Skip to content

Creams and Ointments for Cold Sores

Font Size

Topic Overview

Topical products, such as creams or gels, are sometimes used to treat cold sores. Many are prescription medicines that may slightly shorten the duration of cold sores, usually by just 1 to 2 days.1

Some experts find that even when nonprescription topical products are used frequently—every 2 hours while a person is awake—at the first sign of an outbreak, they may only speed recovery time by a few hours or a day.2

Recommended Related to Skin Problems & Treatments

Is Your Excessive Sweating Caused by a Medical Problem?

Do you sweat more than other people? Does a five-minute workout on the treadmill leave you sopping wet? Do you wipe your hand before every handshake? At the very least, excessive sweating is a hassle. But sometimes heavy sweating is sign of a medical condition. "It's not always easy for the average person to know the difference," says Benjamin Barankin, MD, a dermatologist in Toronto and a member of the American Academy of Dermatology. Excessive sweating, or hyperhidrosis, can be a warning...

Read the Is Your Excessive Sweating Caused by a Medical Problem? article > >

Prescription creams and ointments

Penciclovir cream (Denavir) is an antiviral cream that may reduce healing time by 1 to 2 days, especially if the cold sore was triggered by sunlight exposure. It also reduces the pain, itching, burning, and tenderness of cold sores.1

Penciclovir cream may cause side effects such as mild pain or stinging when it is applied. It is possible, although rare, that the cream may also cause a skin rash or headache.

Acyclovir ointment or cream works best if it is used at the first sign of cold sore symptoms. Side effects of the ointment may include mild pain or stinging at the site where it is applied.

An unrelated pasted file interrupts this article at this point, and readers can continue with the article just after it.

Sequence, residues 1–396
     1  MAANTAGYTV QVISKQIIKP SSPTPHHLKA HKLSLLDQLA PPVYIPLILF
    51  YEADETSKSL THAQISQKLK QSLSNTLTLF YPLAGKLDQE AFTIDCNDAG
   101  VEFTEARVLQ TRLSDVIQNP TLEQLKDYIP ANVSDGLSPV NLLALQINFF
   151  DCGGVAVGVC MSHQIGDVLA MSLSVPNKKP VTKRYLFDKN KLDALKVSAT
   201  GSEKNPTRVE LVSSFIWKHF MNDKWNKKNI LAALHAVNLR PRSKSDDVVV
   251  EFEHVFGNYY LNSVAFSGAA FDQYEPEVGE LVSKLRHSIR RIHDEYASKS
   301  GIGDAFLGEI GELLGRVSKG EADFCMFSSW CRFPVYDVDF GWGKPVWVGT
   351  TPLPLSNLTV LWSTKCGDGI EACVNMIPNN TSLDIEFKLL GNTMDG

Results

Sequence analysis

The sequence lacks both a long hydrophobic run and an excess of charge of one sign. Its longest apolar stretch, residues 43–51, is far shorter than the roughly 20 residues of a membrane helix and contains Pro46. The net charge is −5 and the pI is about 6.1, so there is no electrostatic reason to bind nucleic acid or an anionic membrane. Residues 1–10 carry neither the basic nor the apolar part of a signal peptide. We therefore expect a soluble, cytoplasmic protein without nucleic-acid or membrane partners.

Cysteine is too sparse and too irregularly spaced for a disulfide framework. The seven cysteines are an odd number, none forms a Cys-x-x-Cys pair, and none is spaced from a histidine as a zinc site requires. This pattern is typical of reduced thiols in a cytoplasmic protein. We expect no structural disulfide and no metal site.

The U.S. Food and Drug Administration (FDA) approved acyclovir cream to treat recurrent cold sores in people older than age 12. The cream can improve healing time by up to half a day. The cream may cause temporary skin irritation.

Nonprescription creams and ointments

Tetracaine cream (Viractin) and lidocaine (Zilactin-L) are topical anesthetics that can relieve the pain and itching of cold sores. These products are applied to cold sores up to 6 times a day for best results. Pain and itching are relieved usually within 2 to 3 days after a person first applies the product.

Docosanol 10% (Abreva) should be applied at the first signs of a cold sore outbreak. It is the first nonprescription cold sore medicine approved by the U.S. Food and Drug Administration (FDA) to shorten healing time and the duration of symptoms.

Benzyl alcohol (Zilactin) is a gel that relieves the pain of cold sores and may help shorten healing time, especially if it is used as soon as a cold sore begins to form.

Dimethicone with sunscreen (Herpecin-L) is a product that moisturizes your lips and protects them from the sun. This can help reduce the pain and itching of cold sores. It can also help prevent cold sores from returning, especially if they were triggered by sun exposure.

Cold sores usually heal on their own without prescription medicines or complementary therapies.

1

WebMD Medical Reference from Healthwise

Last Updated: March 12, 2014
This information is not intended to replace the advice of a doctor. Healthwise disclaims any liability for the decisions you make based on this information.
Next Article:

Creams and Ointments for Cold Sores Topics

Hot Topics

WebMD Video: Now Playing

Click here to wach video: Dirty Truth About Hand Washing

Which sex is the worst about washing up? Why is it so important? We’ve got the dirty truth on how and when to wash your hands.

Click here to watch video: Dirty Truth About Hand Washing

Popular Slideshows & Tools on WebMD

disciplining a boy
Types, symptoms, causes.
psoriasis
What it looks like.
fruit drinks
Eat these to think better.
No gym workout
Moves to help control blood sugar.
acupuncture needle on shoulder
10 tips to look and feel good.
Close up of eye
12 reasons you're distracted.
Epinephrine Injection using Auto-Injector Syringe
Life-threatening triggers.
woman biting a big ice cube
Habits that wreck your teeth.
embarrassed woman
Do you feel guilty after eating?
pacemaker next to xray
Treatment options.
caregiver with parent
10 tips for daily life.
birth control pills
Which kind is right for you?

Women's Health Newsletter

Find out what women really need.